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Now i got my new D70 my iso can got to 1600, where would i need an iso of 1600. i tend to stick around 400
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Low light no tripod or support, moving object,high F number etc
To be a little more informative, there will be times when no matter how fast your lens is ie; f2.8,f1.7 lighting conditions will dictate that you need a much higher sensitivity ie; Iso 1600 to get a usable image. Trust me you will find out that this is true. Your D70 will handle shooting under these conditions with little difficulty.
The images from the D70 @ iso 1600 will be quite grainy.I have juat had a roll of Fuji film 1600iso developed for a course and belive me the difference between film and digital at this speed is noticable, the film is far smoother. however some people spend ages trying to get a grainy effect on their images. best way is to experiment with your gear and learn from the results.- Graham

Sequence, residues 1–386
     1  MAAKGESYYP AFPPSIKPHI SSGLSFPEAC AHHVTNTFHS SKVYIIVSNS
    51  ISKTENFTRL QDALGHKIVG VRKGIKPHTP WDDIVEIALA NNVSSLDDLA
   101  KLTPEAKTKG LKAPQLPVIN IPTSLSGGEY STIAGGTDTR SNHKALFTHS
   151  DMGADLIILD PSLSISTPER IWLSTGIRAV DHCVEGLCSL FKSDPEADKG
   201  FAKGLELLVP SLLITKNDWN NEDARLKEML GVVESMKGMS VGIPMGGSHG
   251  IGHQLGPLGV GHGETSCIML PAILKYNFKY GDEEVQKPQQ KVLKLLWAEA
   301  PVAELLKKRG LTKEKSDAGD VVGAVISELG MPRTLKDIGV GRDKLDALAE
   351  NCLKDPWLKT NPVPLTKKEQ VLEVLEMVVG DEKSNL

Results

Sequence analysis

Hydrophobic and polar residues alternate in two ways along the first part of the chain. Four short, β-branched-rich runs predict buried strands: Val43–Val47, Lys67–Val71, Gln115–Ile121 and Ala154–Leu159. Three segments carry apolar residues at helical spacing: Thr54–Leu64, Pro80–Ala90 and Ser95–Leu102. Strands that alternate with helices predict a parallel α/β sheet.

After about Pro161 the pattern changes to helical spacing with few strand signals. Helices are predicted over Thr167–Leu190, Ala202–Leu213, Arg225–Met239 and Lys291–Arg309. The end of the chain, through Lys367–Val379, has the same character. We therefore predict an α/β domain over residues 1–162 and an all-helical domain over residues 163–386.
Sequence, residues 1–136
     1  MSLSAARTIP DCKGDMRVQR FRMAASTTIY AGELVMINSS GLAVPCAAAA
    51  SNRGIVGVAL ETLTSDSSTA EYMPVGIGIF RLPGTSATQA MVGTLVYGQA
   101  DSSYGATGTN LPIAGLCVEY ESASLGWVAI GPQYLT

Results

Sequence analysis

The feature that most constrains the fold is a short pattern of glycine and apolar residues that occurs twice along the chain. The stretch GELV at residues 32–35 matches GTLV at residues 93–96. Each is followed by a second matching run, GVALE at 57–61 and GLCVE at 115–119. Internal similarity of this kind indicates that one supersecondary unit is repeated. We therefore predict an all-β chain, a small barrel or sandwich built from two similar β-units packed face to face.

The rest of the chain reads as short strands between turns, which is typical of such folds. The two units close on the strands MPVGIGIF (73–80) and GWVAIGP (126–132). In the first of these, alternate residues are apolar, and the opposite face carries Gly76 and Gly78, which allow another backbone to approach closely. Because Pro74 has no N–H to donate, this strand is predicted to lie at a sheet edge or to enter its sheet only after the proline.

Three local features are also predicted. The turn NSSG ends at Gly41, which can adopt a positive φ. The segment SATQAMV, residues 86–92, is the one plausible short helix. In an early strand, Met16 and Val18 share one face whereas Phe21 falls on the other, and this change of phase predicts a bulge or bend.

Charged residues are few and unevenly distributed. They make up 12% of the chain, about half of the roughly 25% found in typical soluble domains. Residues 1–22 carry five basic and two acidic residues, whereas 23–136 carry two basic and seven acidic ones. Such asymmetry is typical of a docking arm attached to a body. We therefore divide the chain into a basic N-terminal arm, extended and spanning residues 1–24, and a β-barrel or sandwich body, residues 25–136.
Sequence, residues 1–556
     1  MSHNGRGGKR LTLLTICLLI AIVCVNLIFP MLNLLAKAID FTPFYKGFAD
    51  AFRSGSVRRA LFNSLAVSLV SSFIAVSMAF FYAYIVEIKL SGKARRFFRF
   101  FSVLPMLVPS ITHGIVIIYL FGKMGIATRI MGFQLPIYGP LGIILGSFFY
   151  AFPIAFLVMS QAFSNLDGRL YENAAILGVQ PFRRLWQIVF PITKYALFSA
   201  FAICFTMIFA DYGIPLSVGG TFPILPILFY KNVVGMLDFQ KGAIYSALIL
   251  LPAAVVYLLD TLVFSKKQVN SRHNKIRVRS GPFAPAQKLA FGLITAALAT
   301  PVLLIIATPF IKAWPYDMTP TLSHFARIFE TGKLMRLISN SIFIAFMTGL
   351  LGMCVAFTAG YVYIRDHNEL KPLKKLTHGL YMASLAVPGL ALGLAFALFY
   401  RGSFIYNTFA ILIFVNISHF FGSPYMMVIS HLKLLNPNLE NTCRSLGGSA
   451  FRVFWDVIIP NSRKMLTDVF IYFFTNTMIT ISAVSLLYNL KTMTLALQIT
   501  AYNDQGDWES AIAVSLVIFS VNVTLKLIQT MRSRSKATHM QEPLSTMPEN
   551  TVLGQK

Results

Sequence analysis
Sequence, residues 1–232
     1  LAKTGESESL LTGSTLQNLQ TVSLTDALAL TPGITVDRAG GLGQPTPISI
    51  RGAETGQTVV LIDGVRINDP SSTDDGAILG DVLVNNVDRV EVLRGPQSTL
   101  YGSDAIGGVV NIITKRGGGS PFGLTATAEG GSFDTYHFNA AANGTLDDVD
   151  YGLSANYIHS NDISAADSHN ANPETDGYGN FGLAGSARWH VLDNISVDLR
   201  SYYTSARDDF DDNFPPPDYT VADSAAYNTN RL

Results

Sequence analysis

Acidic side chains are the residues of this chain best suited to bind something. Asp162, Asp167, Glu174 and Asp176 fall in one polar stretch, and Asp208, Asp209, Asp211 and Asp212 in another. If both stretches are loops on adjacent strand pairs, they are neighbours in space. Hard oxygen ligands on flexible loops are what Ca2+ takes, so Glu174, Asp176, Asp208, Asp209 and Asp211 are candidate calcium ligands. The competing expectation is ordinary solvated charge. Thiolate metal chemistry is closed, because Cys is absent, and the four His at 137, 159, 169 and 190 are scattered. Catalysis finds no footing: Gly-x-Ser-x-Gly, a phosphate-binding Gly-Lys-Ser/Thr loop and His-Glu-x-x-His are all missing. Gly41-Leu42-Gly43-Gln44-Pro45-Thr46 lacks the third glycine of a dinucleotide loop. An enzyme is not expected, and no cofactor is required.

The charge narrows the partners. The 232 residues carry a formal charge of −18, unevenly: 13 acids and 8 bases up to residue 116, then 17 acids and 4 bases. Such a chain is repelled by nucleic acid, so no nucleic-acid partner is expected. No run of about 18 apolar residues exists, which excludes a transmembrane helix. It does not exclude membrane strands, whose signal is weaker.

Having ISO 1600 (and above) avalible on your DSLR is a usefull feature, but that does not mean that you have to use it all the time...
Keep the ISO as low as possible for your shooting conditions, and only venture into the realms of ISO 1600 when you really have too.
I have use such speeds ( and faster ) on my D200. They can be pretty grainy so if I am going to use them I tend to shoot in B&W, and in JPG ( I have a custom setting for such eventualities ). They look quite nice, in a grainy way. Much nicer than a colour shot anyway, as the grain isn't as distracting.
High ISO (on a D200) can be controlled by making sure your high ISO noise reduction is on, I tested this at 1600 ISO and in RAW with carefull post image work you can achieve very smooth results.
However I rarley stray above 400 ISO, Just don't find the need for anything higher in the style or type of image I shoot ( fairly varied ).
Having said that my 1600 + ISO test's did produce some very interesting B&W results, If that's your kinda thing.
thanks guys ill try this later with black and white then. and ill clen it up with noise reduction. all is slowly becoming clearer.
I use a Canon EOS 1dMKII for equestrian, the iso 1600 (and higher) on this allows me to shoot in poorly lit indoor arenas at night and still get useable results (slight grain/noise, but the customers cant get anything themselves without flash)
When I bought the Canon I too thought I would never use the highh iso but once you find what it allows you to do...
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